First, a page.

The White Americans occupied various part of the United States including the western frontier. It is important to note that they viewed the Native Americans as aliens and this generated fear in them. On the other hand, efforts that put in place by earlier Presidents that sought to make Native Americans equal to the White Americans had not succeeded (Cave, 1334). The inflow of more White Settlers into the United States in the 1830s saw most of the land occupied by Native Americans being coveted. The locations included Tennessee, Georgia, Florida, Alabama, and North Carolina (Cave, 1336). In particular, the Whites wanted the relocation of the Native Americans to other territories so as to increase the profits they earned from the growth of cotton. For this reason, a disputed resulted as the White Americans began to steal livestock, loot houses, and burn towns in a move to fasten the process of relocating the Native Americans.
Andrew Jackson’s government took part in the eviction of Native Americans from the south. In particular, there was legislation passed that ensured the Native Americans did not enjoy rights that allowed them to occupy their territory. The Indian removal dispute was a heated matter given that a number of cases were lodged in court to fight for the sovereignty of the Native Americans. The cases included Worcester v. Georgia (1832) and Cherokee Nation v. Georgia (1831) (Cave, 1343). The court passed a ruling that the Native Americans had the sovereignty to occupy their territories. However, the mistreatment faced by the Native Americans continued. It is important to note that President Andrew Jackson in 1832 declared that the efforts to allow the Native Americans to occupy the south had failed as no individual was willing to enforce the court rulings. Therefore, it became evident that he was in support of Indian removal. Besides, while serving as a general in the military, he had advocated for campaigns that were against Seminoles in Florida and Creeks in Alabama and Georgia (Cave, 1342).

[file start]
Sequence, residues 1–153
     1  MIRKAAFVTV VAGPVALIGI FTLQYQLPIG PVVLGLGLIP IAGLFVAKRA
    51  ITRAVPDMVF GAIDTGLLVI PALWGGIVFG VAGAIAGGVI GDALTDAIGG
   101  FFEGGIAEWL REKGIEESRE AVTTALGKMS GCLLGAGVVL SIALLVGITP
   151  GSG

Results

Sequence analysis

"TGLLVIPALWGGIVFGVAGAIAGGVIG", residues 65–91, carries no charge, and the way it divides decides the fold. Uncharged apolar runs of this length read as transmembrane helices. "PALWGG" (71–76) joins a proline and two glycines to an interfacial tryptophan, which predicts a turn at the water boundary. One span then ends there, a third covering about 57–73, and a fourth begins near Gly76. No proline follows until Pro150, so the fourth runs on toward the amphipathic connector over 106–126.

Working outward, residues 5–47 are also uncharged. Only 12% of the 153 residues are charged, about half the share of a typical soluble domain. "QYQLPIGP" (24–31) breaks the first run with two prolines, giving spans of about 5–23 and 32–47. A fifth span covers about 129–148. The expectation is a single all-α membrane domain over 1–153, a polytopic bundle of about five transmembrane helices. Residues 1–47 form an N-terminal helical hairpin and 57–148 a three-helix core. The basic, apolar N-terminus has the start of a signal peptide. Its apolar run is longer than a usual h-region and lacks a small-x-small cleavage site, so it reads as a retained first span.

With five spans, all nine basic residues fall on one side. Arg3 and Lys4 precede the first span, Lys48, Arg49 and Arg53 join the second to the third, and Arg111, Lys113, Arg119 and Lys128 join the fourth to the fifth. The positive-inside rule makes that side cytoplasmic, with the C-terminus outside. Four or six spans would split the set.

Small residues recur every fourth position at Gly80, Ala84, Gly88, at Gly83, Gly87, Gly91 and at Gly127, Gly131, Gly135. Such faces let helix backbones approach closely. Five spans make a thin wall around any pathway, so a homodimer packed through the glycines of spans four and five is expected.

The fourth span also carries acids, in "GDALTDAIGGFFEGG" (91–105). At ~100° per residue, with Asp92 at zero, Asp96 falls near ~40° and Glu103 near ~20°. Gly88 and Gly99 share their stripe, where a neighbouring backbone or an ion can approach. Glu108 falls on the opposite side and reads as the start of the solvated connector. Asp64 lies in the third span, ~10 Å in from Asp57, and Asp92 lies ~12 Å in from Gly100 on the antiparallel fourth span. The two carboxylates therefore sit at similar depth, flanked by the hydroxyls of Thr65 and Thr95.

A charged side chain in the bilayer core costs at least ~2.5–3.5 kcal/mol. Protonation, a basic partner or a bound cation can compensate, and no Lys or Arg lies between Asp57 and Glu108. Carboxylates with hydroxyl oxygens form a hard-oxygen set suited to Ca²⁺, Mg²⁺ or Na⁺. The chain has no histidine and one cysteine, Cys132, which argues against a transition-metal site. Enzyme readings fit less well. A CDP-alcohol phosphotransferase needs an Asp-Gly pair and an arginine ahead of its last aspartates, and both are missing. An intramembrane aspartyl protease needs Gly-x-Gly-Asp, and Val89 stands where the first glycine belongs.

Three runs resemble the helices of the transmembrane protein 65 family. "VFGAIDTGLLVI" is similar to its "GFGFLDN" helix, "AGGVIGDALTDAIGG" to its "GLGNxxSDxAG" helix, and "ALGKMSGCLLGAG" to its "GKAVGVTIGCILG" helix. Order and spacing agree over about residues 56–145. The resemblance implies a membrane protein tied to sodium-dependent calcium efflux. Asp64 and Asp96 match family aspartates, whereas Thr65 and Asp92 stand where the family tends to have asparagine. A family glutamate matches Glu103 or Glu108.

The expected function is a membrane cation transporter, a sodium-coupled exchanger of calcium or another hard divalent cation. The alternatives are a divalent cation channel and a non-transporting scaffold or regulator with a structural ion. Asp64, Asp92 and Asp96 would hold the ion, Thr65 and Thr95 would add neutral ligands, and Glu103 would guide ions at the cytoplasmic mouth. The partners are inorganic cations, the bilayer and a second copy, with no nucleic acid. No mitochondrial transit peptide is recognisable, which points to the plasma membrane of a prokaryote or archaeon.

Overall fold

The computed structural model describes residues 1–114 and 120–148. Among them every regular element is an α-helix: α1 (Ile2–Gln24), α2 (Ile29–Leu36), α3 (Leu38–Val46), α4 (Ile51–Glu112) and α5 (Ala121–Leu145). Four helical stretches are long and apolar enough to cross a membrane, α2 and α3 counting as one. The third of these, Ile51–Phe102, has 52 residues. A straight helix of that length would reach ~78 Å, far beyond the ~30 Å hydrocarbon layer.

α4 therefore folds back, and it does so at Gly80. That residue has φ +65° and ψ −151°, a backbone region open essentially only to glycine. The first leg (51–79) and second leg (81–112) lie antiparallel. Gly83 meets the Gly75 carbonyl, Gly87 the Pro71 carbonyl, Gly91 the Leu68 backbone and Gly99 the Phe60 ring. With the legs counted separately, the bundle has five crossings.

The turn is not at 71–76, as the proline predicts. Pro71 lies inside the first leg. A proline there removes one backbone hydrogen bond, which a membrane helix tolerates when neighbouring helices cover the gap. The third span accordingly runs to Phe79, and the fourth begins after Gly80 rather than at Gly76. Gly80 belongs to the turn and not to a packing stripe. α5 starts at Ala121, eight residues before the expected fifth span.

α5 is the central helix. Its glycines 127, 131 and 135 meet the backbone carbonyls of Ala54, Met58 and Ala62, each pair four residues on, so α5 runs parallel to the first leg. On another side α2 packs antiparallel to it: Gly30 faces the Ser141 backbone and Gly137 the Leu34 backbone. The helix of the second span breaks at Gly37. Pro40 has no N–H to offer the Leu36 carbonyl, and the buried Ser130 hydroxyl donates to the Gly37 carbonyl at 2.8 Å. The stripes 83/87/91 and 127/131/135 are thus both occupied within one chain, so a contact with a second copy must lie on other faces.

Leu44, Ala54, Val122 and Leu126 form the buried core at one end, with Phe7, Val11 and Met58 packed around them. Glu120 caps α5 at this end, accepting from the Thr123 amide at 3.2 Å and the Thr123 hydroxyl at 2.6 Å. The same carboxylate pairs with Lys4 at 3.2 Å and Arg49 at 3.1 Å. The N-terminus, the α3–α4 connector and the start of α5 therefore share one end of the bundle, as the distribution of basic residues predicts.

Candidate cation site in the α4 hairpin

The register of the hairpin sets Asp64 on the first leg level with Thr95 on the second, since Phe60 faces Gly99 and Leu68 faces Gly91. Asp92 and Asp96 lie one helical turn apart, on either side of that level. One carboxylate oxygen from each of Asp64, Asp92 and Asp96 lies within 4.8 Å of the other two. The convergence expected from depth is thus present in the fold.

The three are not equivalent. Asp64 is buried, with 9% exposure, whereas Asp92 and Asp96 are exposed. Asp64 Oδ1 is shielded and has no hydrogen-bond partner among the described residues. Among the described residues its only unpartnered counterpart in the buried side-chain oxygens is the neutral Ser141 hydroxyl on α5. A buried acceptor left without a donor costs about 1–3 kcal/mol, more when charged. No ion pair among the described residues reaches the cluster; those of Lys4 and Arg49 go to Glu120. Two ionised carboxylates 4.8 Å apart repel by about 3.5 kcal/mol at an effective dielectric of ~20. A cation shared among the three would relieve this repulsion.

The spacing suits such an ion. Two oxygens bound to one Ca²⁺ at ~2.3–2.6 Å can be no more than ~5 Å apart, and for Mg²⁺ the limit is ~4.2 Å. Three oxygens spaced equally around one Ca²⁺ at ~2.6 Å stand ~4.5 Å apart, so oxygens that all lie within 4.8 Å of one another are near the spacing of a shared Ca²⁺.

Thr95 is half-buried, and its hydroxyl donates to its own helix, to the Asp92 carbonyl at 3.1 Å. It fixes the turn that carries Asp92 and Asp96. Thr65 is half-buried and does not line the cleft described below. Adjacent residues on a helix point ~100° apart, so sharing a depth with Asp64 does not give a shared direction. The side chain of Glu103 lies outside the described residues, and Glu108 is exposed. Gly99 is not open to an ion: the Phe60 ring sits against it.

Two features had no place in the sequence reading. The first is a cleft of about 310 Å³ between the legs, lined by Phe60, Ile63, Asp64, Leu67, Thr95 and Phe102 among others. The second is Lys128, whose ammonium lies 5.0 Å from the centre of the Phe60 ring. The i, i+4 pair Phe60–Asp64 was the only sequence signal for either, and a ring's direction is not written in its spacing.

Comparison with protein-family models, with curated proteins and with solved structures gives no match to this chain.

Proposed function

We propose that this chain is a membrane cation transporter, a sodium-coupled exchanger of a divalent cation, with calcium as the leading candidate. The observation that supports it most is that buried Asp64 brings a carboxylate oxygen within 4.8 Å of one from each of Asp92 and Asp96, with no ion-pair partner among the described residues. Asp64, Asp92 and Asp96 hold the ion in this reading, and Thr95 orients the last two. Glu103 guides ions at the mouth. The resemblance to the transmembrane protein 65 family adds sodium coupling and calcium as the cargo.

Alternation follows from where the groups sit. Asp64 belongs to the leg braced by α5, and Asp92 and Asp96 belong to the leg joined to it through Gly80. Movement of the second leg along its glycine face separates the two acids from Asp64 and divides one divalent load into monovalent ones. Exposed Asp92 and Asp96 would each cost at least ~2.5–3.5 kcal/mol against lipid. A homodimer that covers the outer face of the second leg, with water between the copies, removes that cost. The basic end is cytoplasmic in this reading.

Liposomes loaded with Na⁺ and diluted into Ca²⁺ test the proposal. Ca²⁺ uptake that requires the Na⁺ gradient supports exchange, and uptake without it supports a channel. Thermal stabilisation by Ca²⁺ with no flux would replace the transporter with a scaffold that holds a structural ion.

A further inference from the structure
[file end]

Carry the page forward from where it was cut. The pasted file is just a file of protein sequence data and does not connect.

Andrew Jackson's stand remained unchanged while serving as president. In particular, he brought into law the Indian Removal Act in 1830 that allowed the government to offer the land in the east of Mississippi so as to gain ownership of that in the west. Therefore, the Native American territory that formed current Oklahoma assisted in finalizing the Louisiana Purchase. Despite the law being clear that the matter needed to be undertaken peacefully, President Andrew Jackson’s administration failed to follow the underlying provisions.
Andrew Jackson was wrong given the manner he handled the relocation of the Native Americans. In particular, he violated the provisions of the congressional constitution. Besides, the Cherokee Nation had received a legal land allocation in Georgia in 1791 following a treaty that the United States government was a party (Cave, 1346). On the other hand, Andrew Jackson had the mandate to ensure that the court rulings were followed but instead, he insisted that the Native Americans should render their land to the White Americans. While the American troops escorted the Cherokee Nation to the new territory allocated to them, they faced a myriad of challenges as there were no food supplies. For this reason, thousands of people lost their lives owing to the negligence of Andrew Jackson’s administration. Hence, the Indian removal was not handled well as it resulted in tears and death.
- Cave, Alfred A. 'Abuse of Power: Andrew Jackson and the Indian Removal Act of 1830'. The Historian 65.6 (2003): 1330-1353.